Holly Willford, in Council Chambers. DON RICKERS

To say Holly Willford has big shoes to fill is an understatement.

Longtime and respected Pelham Town Clerk Nancy Bozzato is set to retire at the end of May, and Willford, who has been apprenticing under Bozzato for the past three years, will take over the role.

Willford has nothing but effusive praise for her mentor.

“I’ve been very fortunate to have had Nancy setting the gold standard for me…she’s a tremendous leader,” said Willford. “I’ve learned so much from her. And frankly, reflecting back on my personal career, I’ve been surrounded by strong female leaders and role models. I’m just really excited, and looking forward to following in her legacy.”


The Town of Pelham appears to be a trendsetter in equal opportunity employment, as Willford noted that half the senior leadership team are women, including Barb Wiens in Planning and Development, Teresa Quinlin in Corporate Services, and Vickie vanRavenswaay in Recreation, Culture, and Wellness, plus Bozzato as Town Clerk—and many other women at the municipality serve in responsible roles.

Bozzato shared some kind words about her successor.

“Since joining the Town of Pelham in 2018, Holly has demonstrated consistent professionalism and integrity, and it has been a privilege to work together,” said Bozzato. “She will serve the corporation, the council, and the community of Pelham well in her new role, and she is well-equipped to take on this important office.”

CAO David Cribbs echoed Bozzato’s sentiments, saying, “Holly was the most deserving candidate, and we are very pleased that she will be stepping into the role. Her skills and knowledge fit the expectations and criteria of who we were looking for in this position, and we are happy to see such a qualified internal candidate rise to the top.”

“Without a doubt, Holly is the right person for the job,” said Mayor Marvin Junkin. “We’ve seen what Holly can do firsthand, clerking several meetings, and we are confident she will continue to be a great asset to the Town of Pelham.”

Willford was born and raised in Welland, but has family ties all over the region.

“My mom’s family grew up here in Pelham, and I still have lots of cousins and aunts and uncles living here. My dad grew up on a farm in Wainfleet.”

In fact, Willfords have lived on Willford Road in Wainfleet for 100 years, she said.

She attended Centennial in Welland for her high school years, and is a graduate of Niagara College’s law clerk program. Willford first worked for a couple of small, private practice law firms in St. Catharines and Toronto, then joined Peel Region as a member of its legal department. She did real estate and land development work there for seven years before coming to Pelham as Bozzato’s deputy clerk in 2018.

While at the Region of Peel, she studied part-time and earned an undergraduate degree from Wilfrid Laurier University in Waterloo.

A priority for Willford is to ensure that the Town is continually engaging the community.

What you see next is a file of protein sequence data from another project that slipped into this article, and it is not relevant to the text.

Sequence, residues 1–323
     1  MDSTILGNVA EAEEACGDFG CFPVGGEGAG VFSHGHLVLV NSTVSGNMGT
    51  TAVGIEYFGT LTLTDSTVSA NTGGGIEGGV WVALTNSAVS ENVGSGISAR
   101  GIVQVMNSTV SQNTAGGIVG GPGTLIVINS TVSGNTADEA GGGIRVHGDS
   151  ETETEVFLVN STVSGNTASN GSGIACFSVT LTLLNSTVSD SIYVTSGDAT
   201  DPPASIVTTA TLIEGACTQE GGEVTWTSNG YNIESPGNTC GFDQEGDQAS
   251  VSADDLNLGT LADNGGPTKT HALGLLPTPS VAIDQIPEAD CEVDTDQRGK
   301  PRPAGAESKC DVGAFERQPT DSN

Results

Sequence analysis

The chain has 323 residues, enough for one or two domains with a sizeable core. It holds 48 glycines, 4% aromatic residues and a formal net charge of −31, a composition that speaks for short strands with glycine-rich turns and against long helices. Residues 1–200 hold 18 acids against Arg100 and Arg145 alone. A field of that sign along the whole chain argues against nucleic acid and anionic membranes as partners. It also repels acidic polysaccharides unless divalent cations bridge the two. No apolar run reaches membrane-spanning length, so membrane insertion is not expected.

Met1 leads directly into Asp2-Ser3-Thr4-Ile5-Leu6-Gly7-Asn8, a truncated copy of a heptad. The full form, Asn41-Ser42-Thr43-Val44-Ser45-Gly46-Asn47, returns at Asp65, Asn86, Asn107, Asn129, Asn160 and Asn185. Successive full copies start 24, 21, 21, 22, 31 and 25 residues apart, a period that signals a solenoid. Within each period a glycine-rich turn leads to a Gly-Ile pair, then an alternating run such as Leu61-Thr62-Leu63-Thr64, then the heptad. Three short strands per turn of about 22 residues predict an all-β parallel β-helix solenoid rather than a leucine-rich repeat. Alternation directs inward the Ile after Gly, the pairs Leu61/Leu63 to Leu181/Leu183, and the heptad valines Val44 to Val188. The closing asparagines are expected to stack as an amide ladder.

“The pandemic has presented challenges for us as we work to be open, transparent, visible, and allowing for public participation,” said Willford. “COVID creates a very fluid situation, and it could be lingering for quite a while. We need to continue to make sure that residents feel comfortable and safe, especially when it involves coming out to vote.”

Willford is not daunted by the prospect of the upcoming municipal election in 2022, given her experience with the previous election in 2018, along with last year’s Ward 1 by-election. Mail-in ballots were instituted during the by-election, and Willford said “we are continually trying to modernize and bring new ideas and resources forward.”

She pointed to the Town’s use of the latest technology to connect with residents, including live-streaming of council and committee meetings. Willford noted that while watching public meetings online, people can participate live via email at [email protected] and make comments in real time which are read into the public record—a feature added during the coronavirus pandemic.

“Sometimes people come to our public meetings not thinking they are going to speak,” said Willford. “Then, while sitting in the gallery, they decide they want to say something.  I wanted to make sure every member of the public had the option to speak, even if they originally didn’t think they wanted to.”

Willford added that while email commenting is welcome during public meetings, it has not been implemented for regular council meetings.

Some people will not know that town clerks, through government statute, have the authority to officiate civil marriages in Ontario. Willford has already performed close to a dozen matrimonial ceremonies in recent years, in Council Chambers, at the Peace Park bandshell, and at Niagara wineries. “It’s a wonderful thing to be able to do,” she said.

Outside of her Town Hall duties, Willford enjoys travelling and camping, and doting on her two young nephews when social distancing conditions allow. She continues to take courses to upgrade her qualifications.

The Town has a posting for the deputy clerk position, Willford’s former role, on its website now.

“It’s just an incredible place to be,” said Willford.